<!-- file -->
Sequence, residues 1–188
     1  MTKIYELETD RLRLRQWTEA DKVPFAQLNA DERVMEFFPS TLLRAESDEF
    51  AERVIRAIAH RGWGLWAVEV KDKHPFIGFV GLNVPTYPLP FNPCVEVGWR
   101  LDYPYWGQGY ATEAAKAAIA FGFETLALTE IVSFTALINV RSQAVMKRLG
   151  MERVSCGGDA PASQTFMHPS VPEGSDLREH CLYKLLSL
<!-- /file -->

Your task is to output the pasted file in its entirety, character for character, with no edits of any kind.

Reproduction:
Sequence, residues 1–188
     1  MTKIYELETD RLRLRQWTEA DKVPFAQLNA DERVMEFFPS TLLRAESDEF
    51  AERVIRAIAH RGWGLWAVEV KDKHPFIGFV GLNVPTYPLP FNPCVEVGWR
   101  LDYPYWGQGY ATEAAKAAIA FGFETLALTE IVSFTALINV RSQAVMKRLG
   151  MERVSCGGDA PASQTFMHPS VPEGSDLREH CLYKLLSL